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In re Crystal Power Company: "Defendant" Means Defendant

The statute creating removal jurisdiction allows a "Defendant" to remove a claim to federal court. But what about an intervenor who later has claims asserted against it? Isn't that kind of like being a defendant?

Maybe, but that's not good enough. The Fifth Circuit released In re Crystal Power Company, Ltd. on Monday March 21st, granting mandamus relief to address the district court's refusal to grant a motion to remand such a case. Judge Higginbotham  wrote the court's opinion.

The court found the intervenor's status indistinguishable from that of a state court plaintiff who later tries to remove federal counterclaims -- a procedural posture that the Supreme Court refused to allow 70 years ago in Shamrock Oil & Gas Corp. v. Sheets. Judge Higginbotham wrote:

Although this case involves a cross-claim rather than a counter-claim, the answer is the same. The controlling legal principle from Shamrock is that “the plaintiff, having submitted himself to the jurisdiction of the state court, [is] not entitled to avail himself of a right of removal conferred only on a defendant who has not submitted himself to the jurisdiction.” If the [intervenor] wished for a federal forum, it was required to pursue a separate action in federal court. Having chosen to intervene as a plaintiff in state court, the firm forfeited its right to removal.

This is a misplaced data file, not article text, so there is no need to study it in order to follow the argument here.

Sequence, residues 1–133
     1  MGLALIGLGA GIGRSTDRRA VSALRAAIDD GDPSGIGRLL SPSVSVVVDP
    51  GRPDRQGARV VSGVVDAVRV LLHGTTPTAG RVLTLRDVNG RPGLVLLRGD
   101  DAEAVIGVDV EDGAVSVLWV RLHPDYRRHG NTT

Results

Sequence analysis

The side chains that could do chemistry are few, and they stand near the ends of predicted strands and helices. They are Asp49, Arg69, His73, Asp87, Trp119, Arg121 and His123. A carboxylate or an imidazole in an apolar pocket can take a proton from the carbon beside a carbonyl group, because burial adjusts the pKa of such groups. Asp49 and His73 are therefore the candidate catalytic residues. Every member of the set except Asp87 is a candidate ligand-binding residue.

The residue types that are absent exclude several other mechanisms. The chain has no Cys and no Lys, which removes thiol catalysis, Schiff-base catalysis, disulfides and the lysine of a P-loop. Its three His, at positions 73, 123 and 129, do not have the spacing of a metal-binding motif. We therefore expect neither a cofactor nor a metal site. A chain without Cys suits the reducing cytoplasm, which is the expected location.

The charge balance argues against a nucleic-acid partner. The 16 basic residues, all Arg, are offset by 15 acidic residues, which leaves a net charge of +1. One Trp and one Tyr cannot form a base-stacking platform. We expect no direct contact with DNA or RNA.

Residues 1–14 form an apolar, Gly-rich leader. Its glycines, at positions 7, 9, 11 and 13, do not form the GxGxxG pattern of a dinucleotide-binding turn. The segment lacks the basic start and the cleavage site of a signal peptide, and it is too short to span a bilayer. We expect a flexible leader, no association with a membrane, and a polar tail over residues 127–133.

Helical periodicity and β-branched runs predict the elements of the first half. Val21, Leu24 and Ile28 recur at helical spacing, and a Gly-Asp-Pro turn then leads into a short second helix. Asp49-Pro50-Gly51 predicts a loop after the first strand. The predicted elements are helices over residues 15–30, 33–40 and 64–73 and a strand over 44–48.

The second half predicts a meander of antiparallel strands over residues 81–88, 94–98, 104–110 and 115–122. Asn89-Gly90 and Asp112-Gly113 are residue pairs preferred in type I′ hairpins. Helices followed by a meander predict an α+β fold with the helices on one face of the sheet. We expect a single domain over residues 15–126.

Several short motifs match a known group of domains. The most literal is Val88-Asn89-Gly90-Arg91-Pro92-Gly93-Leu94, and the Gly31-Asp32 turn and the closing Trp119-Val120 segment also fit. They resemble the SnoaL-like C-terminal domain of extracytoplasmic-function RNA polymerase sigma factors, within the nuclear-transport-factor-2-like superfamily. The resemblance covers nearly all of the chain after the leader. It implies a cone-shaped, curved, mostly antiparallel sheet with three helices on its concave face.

Congress meant what it said and said what it meant. "Defendant" means Defendant, one hundred percent.

Copyright © 2021, Hunton Andrews Kurth LLP. All Rights Reserved.National Law Review, Volume I, Number 84
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About this Author

Kendall M. Gray, Antitrust Litigation Attorney, Andrews Kurth Law Firm
Partner

Kendall is a board certified civil appellate specialist who has represented clients in state and federal appellate courts such as the U.S. Supreme Court, the U.S. Courts of Appeal for the Fifth, Ninth, Tenth and Federal Circuits, the Supreme Court of Texas and many intermediate courts of appeal. His practice includes a variety of complex commercial, medical malpractice and toxic tort matters, as well as a particular focus in disputes involving employee benefits, managed care and ERISA. The disputes commonly require complex written and oral advocacy on such topics as ERISA preemption,...

713-220-3981
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